10 of 10 people found the following review helpful
Steven H Propp
- Published on Amazon.com
Franz Peter Schubert (1797-1828) was perhaps the first truly "Romantic" composer. McKay paints a darker portrait of the man than one normally hears.
He was virtually a prodigy as a youth. His "productivity over the next few years was astonishing ... in the period from November 1814 to September 1816 while he was working as his father's assistant, Schubert composed in the time left to him after school-teaching some 360 of his total of around 1,000 works. These included four symphonies, four works for the theatre, three Church masses and many shorter sacred works, two string quartets, and some 250 songs." She also notes that "Throughout his early years he based his music on classical forms and structures, with classical textures and instrumentation." In 1819, he began setting more complex and philosophical texts (e.g., by Goethe) to music, with mixed results.
A friend of Schubert's reported that "Anyone who knew Schubert knows how he was made of two natures, foreign to each other, how powerfully the craving for pleasure dragged his soul down to the slough of moral degradation." In 1922, "His personal life, however, was moving incerasingly in a socially less admirable direction." McKay suggests that "it is possible that he enjoyed smoking opium, although it is likely he was never addicted to it," and "he was not averse to the sexual favours for sale in brothels or meeting-places for prostitutes, where syphilis was endemic." But ultimately, "A period of capricious sensuality and irresponsibility ceased abruptly at the end of 1822 when he developed the first symptoms of venereal disease." He later became seriously ill "with a recurrence of secondary and infectious syphilis."
She reports that "After he contracted syphilis, Schubert was often in pain and distress and lost the capacity for uninhibited joy. His music was frequently born out of suffering..." "His drinking habits became more serious after the onset of syphilis, when he was seeking relief from his worsening depressions..." Unfortunately, "it is probable that some of his friends were unable to tolerate his unpredictable behavior, embarrassed by his abusive outbursts or rages under the influence of alcohol, irritated by his unreliability and ill manners, dismayed or disgusted by some of his sexual activities." In fact, his famous "Unfinished" Symphony was unfinished precisely due to his syphilis.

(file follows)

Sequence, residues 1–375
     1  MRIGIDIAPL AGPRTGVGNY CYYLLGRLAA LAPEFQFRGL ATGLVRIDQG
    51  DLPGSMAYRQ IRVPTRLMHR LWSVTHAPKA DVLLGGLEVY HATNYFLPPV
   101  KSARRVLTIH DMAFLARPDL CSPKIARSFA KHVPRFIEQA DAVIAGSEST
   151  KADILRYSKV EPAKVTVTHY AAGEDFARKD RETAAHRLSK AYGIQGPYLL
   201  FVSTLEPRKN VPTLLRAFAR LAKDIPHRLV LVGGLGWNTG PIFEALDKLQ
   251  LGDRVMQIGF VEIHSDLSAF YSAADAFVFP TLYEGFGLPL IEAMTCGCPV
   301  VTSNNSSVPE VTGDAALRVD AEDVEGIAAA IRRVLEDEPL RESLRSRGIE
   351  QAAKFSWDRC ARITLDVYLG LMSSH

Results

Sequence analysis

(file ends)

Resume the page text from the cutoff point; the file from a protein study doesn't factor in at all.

Concerning the suggestion that he was gay, "The possibility that Schubert was homosexual, even a pederast seeking young male partners under the cover of a secret society in Vienna, has been exhaustively aired and argued since the idea was first mooted in 1989. As there is no definitive evidence for or against Schubert's homosexual or bisexual tendencies, the possibility must remain unless or until such evidence emerges. However, whatever his persuasion, his sexual extravagances were an embarrassment to his family and many of his friends; and they were responsible after his death for the suppression or destruction of evidence for the dark side of his character."
Although he composed much sacred music, McKay points out that his Masses always omitted the words from the text, "I believe in one catholic and apostolic church."
Observing that "He rarely opened his heart to other than closest friends," she suggests that "On the evidence from Schubert's life over the following years it becomes a virtual certainty that he suffered from cyclothymia" (a mild form of manic depression).
This is a stark portrait of the composer, yet a fascinating one, that will be of interest to many.
1 of 1 people found the following review helpful
- Published on Amazon.com
F. P. Schubert: A Reassessment…
Talented critics writing for The New Yorker--Adam Gopnik and Alex Ross--both have noted that Schubert’s character remains something of an enigmatic mystery. The reasons being that there is not a great deal of historical documentation on Schubert’s relatively brief life lived in the shadows of Haydn and Beethoven--well, even in the contemporaneous shadows of Rossini and Paganini, not to mention other lesser composers and musicians who were perhaps more canny businessmen in the bourgeois marketplace.
During his lifetime Schubert had published approximately 100 individual works, thusly achieving something of a notoriety in the major European publishing cities of Leipzig, London, and of course, Vienna.
After his premature death (aetat 31) there was nothing left but the music, and there was a small rush to print further of his works while details of his biography were virtually suppressed in a tacit conspiracy of silence because he had died of a venereal disease (viz., syphilis).
In the second half of the XIXth Century admiring composers (such as Brahms) undertook to edit remaining MSs for publication, and thus began the Schubert ‘renaissance’; but this too was not without its complications vis-à-vis dates of composition and corresponding archaeology of artistic development. (Deutsch’s numerical listing--Schubert: Thematic Catalogue of all his Works in Chronological Order--was first published as recently as 1951.)